by Ayodele Casel

...and how I don't like the displacement of tap and percussive dancers in NYC since it was torn down...for apparently no good reason.

It was here that I realized I wanted to be a tap dancer for the rest of my life. In 1995, I stood in amazement as Baakari Wilder laced his shoes while simultaneously laying down subtle rhythms during our very first workout session (more aptly named- a private lesson). 

It was here that I, and countless other tap and flamenco dancers (student or professional), could walk up those well worn stairs and rent a room to practice until our legs wore out and a few hours after that...and it was $8-$13/hour. 

It was here where I would meet Gregory Hines to dance for an hour whenever he came to visit NYC, however briefly.

It was here, where after a particularly challenging time in my life, I found my way back to the dance through sharing all I knew about it with then 9 year old aspiring tap dancer, Warren Craft. 

You came to Fazil's NOT to be discovered by the casting agency holding auditions down the hall, but to work tirelessly and diligently on your craft, your skill AND as a TAP dancer you were able to do that on a WOOD floor. You weren't banned, castigated, or made to feel irrelevant and/or inferior for DANCING... in a dance studio. The only reason you couldn't rent a room was if there wasn't space available not because there was a Yoga, or acting, or ballet, or music class, or meeting, or an audition for that matter underneath or surrounding your designated room. You certainly weren't banned for wanting to tap dance in a studio with a wood floor.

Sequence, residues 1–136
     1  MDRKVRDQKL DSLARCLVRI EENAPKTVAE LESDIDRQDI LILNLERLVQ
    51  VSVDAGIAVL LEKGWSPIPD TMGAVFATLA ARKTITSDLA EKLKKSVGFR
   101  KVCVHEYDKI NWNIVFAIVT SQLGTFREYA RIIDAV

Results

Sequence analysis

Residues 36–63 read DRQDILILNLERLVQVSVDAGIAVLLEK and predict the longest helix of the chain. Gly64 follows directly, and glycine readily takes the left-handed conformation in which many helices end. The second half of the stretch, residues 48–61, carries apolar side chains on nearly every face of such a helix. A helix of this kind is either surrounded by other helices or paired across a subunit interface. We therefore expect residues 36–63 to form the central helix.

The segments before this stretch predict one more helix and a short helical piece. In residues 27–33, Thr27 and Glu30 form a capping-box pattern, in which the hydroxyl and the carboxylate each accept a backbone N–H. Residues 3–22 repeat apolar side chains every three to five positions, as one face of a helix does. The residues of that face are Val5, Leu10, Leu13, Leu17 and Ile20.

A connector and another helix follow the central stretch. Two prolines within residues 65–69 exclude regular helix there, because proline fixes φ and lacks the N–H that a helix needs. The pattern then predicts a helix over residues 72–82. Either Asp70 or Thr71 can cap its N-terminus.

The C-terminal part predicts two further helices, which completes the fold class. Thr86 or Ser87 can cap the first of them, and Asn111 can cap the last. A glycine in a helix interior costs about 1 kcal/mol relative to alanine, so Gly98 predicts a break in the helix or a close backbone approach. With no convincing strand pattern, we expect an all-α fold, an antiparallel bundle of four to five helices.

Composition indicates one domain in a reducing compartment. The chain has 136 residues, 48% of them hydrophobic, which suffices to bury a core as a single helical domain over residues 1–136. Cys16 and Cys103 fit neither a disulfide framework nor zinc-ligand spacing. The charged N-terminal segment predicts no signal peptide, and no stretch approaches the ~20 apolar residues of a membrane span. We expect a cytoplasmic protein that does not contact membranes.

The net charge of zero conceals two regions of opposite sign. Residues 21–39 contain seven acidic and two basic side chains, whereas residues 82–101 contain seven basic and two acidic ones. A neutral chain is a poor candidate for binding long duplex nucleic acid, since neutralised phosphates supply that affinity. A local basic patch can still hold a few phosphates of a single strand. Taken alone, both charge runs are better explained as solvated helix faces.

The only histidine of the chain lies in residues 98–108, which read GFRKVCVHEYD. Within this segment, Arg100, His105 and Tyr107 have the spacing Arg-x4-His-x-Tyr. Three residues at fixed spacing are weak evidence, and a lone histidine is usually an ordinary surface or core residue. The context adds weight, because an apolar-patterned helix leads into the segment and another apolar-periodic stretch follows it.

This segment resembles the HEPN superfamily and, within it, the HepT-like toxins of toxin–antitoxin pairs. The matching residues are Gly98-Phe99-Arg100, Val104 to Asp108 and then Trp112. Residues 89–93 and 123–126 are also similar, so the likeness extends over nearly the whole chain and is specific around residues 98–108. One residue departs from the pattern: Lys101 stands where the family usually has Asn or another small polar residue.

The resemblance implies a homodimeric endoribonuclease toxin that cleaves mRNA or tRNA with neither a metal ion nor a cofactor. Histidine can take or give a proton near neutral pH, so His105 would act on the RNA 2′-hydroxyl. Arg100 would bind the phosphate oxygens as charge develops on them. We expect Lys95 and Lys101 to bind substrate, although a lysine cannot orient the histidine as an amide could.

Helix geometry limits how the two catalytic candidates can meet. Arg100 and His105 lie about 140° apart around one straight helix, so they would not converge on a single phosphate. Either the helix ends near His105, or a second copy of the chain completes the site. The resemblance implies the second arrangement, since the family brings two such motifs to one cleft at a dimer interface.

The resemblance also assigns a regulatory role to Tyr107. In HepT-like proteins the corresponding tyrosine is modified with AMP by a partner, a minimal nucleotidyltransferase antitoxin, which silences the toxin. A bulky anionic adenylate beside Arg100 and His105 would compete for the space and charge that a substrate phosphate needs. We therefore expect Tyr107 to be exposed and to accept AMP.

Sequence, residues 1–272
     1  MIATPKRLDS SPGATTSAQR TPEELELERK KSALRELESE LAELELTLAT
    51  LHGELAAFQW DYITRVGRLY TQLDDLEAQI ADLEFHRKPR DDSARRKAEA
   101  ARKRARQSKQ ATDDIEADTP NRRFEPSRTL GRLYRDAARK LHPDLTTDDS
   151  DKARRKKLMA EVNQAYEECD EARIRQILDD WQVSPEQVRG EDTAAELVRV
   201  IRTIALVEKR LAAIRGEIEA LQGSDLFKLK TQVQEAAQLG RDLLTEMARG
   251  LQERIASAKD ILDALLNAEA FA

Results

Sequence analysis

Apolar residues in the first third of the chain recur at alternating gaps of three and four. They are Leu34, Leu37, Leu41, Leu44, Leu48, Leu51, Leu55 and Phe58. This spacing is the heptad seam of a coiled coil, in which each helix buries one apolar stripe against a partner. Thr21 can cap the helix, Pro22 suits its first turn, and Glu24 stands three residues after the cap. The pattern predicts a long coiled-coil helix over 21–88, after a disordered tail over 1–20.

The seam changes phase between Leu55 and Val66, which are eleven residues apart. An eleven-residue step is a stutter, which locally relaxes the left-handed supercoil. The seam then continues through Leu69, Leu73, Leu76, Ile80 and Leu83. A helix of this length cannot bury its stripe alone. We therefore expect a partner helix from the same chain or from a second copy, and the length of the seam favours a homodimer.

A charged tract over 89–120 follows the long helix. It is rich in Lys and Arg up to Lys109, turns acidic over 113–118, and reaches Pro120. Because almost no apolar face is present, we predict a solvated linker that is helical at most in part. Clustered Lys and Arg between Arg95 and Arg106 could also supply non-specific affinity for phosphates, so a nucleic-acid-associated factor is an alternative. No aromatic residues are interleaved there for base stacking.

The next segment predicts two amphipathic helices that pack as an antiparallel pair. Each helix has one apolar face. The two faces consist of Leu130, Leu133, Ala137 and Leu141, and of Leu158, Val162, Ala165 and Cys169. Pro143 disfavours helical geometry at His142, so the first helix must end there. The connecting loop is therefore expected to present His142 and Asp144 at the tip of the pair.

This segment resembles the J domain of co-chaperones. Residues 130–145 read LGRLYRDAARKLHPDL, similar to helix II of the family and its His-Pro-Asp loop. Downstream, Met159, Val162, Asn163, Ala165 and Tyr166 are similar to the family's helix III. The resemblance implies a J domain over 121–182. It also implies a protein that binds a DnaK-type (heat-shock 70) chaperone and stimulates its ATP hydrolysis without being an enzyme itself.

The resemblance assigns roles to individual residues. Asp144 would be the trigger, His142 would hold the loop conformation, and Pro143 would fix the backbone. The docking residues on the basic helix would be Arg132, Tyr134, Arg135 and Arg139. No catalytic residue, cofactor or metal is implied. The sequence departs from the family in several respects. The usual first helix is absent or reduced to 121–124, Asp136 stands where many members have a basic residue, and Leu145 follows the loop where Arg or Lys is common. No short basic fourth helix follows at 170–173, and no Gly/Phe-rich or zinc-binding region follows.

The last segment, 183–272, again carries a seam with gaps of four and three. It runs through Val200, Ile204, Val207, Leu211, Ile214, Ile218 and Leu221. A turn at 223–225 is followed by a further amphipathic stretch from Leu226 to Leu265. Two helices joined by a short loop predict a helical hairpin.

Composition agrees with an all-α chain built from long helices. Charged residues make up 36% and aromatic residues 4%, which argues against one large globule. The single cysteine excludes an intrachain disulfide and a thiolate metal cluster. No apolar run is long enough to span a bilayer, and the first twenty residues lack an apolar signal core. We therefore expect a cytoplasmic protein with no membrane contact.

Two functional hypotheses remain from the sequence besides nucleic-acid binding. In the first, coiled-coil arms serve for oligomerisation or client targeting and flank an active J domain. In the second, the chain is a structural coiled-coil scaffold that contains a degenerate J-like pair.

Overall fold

In a 1989 New York Times article Jennifer Dunning wrote:

"A Broadway chorus boy named Jimmy Cagney once climbed its stairs to attend tap classes in the studios. Paul Draper and Eleanor Powell rehearsed there, and so did the Condos Brothers and the Nicholas Brothers, Jose Greco and Carmen Amaya, and the hoofers from several Broadway shows. Hanya Holm taught modern dance in one studio; Honi Coles taught Dick Cavett to tap in another. Alvin Ailey worked with his first, small company at what is now Fazil's Dance Center. And memories of the studio gave Gregory Hines the idea for Sonny's, the dance studio that is home to the old hoofers in the film ''Tap.'' "

I've been working professionally as a tap dancer for almost two decades. I consider myself to be a conscientious and respectful human being, artist, and professional. The fact that a note next to my name and the names of other tap dancers at prominent NYC rehearsal studio Ripley Grier reads: "CANNOT book studio with wood floor" is reprehensible to me. At RG, a marley floor is my only option as I was told a previous tap dancer who rented allegedly got shoe polish on the floor. It seems like a minor infraction to me considering that it IS a rehearsal studio with all sorts of traffic on its floors throughout the day but according to RG the appropriate punishment for ALL tap artists is marley. Why would I spend $25+ an hour to hear a muffled and flat version of whatever I am working on? Absolutely not. 

I am aware that there are other options. In fact, I happen to love Chelsea Studios and its wide, expansive wood floor rooms. They are also very friendly and accommodating. I will choose to spend my money there or any other place that recognizes a professional or simply a paying customer who just wants to shut the door to a rented room and dance (responsibly, of course). 

Ayodele Casel 
NYC 2013